Sister Ursula's first installment ended here, and her fellow students approached the discussion of it as one would an alien spacecraft. Several had attended Catholic schools where they'd been tutored by nuns, and they weren't sure, despite my encouragement, that they were allowed to be critical of this one. The material itself was foreign to them; they'd never encountered anything like it in the workshop. On the plus side, Sister Ursula's story had a character in it, and the character was placed in a dire situation, and those were good things for stories to do. On the other hand, the old nun's idiom was imperfect, her style stiff and old-fashioned, and the story seemed to be moving forward without exactly getting anywhere. It reminded them of stories they'd heard other elderly people tell, tales that even the tellers eventually managed to forget the point of, narratives that would gradually peter out with the weak insistence that all these events really did happen. "It's a victim story," one student recognized. "The character is being acted on by outside forces, but she has no choices, which means there can be no consequences to anything she does. If she doesn't participate in her own destiny, where's the story?"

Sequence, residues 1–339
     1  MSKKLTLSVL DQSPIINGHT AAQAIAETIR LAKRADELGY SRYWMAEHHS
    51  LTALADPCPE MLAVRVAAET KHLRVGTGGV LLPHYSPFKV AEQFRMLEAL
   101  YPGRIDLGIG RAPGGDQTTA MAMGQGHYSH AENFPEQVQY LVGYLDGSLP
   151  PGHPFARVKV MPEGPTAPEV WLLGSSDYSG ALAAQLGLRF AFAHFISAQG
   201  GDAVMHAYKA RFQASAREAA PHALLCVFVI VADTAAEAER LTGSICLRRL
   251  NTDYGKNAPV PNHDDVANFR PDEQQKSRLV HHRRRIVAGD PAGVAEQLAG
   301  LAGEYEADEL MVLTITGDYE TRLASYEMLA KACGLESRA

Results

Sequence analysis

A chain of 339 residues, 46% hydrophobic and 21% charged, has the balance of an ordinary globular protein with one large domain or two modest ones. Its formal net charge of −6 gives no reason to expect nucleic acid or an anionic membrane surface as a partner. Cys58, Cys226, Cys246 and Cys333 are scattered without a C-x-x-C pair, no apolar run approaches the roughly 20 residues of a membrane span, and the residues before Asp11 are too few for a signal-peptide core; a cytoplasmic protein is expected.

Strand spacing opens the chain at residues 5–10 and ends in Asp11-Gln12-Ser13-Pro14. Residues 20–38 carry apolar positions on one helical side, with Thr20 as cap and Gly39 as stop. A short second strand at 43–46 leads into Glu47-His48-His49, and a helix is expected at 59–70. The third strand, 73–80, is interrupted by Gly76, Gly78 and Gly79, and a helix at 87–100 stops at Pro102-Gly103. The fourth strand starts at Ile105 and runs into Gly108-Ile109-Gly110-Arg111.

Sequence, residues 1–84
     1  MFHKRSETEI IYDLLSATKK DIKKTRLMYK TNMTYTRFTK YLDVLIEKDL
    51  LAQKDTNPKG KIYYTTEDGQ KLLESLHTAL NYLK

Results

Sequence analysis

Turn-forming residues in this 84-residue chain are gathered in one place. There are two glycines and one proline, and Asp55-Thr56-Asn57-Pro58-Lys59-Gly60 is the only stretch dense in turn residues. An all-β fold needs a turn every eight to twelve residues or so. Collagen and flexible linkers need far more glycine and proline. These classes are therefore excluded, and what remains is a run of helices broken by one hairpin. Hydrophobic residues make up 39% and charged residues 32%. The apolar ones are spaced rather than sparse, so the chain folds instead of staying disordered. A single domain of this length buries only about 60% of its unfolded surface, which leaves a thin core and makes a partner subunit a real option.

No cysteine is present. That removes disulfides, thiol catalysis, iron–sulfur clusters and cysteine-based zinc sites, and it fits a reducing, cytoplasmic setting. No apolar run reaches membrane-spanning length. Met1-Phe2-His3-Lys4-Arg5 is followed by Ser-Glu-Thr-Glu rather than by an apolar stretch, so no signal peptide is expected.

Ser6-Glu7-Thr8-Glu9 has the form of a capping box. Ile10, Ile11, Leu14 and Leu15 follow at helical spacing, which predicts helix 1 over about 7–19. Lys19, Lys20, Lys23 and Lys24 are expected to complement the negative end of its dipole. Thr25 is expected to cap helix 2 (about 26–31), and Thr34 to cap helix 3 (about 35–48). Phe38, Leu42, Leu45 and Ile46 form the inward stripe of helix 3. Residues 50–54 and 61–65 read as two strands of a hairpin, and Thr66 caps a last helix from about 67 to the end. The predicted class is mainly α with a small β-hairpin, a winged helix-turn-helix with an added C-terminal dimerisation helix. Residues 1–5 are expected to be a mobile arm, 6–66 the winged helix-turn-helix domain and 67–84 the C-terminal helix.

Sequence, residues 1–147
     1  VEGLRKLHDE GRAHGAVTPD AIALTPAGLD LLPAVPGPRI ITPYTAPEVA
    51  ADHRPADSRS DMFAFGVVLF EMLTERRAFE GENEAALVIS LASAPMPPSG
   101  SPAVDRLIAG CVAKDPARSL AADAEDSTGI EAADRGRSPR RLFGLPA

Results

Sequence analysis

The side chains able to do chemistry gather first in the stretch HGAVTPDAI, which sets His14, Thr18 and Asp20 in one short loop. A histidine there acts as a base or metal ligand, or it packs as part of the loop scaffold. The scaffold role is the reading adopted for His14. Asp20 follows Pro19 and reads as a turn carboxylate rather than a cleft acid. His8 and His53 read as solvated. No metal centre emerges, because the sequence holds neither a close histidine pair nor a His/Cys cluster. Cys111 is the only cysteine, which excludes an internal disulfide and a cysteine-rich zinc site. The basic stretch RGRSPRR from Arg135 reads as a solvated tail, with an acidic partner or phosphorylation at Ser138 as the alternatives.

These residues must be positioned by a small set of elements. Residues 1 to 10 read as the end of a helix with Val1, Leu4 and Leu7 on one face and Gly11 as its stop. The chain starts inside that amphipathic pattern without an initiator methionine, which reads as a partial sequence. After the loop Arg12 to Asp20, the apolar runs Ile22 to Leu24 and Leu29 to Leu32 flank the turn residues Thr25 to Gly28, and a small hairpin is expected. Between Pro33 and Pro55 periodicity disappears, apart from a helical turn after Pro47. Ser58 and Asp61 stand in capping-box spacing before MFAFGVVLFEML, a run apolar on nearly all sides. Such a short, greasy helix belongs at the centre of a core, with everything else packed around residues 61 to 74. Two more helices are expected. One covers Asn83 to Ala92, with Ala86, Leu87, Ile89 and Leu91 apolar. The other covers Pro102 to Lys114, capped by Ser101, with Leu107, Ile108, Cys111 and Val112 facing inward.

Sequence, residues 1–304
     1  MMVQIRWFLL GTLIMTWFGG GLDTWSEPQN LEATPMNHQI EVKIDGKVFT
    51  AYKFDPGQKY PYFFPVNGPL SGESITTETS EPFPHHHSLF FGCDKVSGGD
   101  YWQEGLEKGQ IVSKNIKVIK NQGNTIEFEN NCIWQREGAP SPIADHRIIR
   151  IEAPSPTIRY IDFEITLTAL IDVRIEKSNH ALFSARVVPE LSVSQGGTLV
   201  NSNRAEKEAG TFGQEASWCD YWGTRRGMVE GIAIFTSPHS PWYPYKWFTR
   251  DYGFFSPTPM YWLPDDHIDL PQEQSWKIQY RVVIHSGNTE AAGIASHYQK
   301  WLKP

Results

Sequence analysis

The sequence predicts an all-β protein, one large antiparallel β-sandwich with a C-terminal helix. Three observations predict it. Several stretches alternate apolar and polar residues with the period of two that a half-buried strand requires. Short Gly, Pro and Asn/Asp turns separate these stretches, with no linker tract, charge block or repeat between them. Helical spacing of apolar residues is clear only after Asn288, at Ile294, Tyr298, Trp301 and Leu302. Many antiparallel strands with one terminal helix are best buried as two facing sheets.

Not having taken the beginning and intermediate courses, Sister Ursula was much enlightened by these unanticipated critiques, and she took feverish notes on everything that was said. "I liked it, though," added the student who'd identified it as a victim story. "It's different." By which he seemed to mean that Sister Ursula herself was different.
The old nun stopped by my office the day after, and it was clear she was still mulling the workshop over. "To be so much . . . a victim," she said, searching for the right words, "it is not good?"
"No," I smiled. Not in stories, not in life, I was about to add, until I remembered that Sister Ursula still wasn't making this distinction, and my doing so would probably confuse her further. "But maybe in the next installment?" I suggested.
She looked at me hopefully.
Excerpted from The Whore's Child by Richard Russo. Copyright 2002 by Richard Russo. Excerpted by permission of Knopf, a division of Random House, Inc. All rights reserved. No part of this excerpt may be reproduced or reprinted without permission in writing from the publisher.
Members read and review books ahead
of publication. See what they think
in First Impressions!
Visitors can view a lot of BookBrowse for free. Full access is for members only
The Steady Running of the Hour
"Exciting, emotionally engaging and ambitious. I loved it!" - Kate Mosse
Solve this clue:
and be entered to win..
Books thatinspire you.Handpicked.
Books you'll stay up all night reading; books that will whisk you to faraway places and times, books that will expand your mind and inspire you -- the kinds of books you just can't wait to tell your friends about.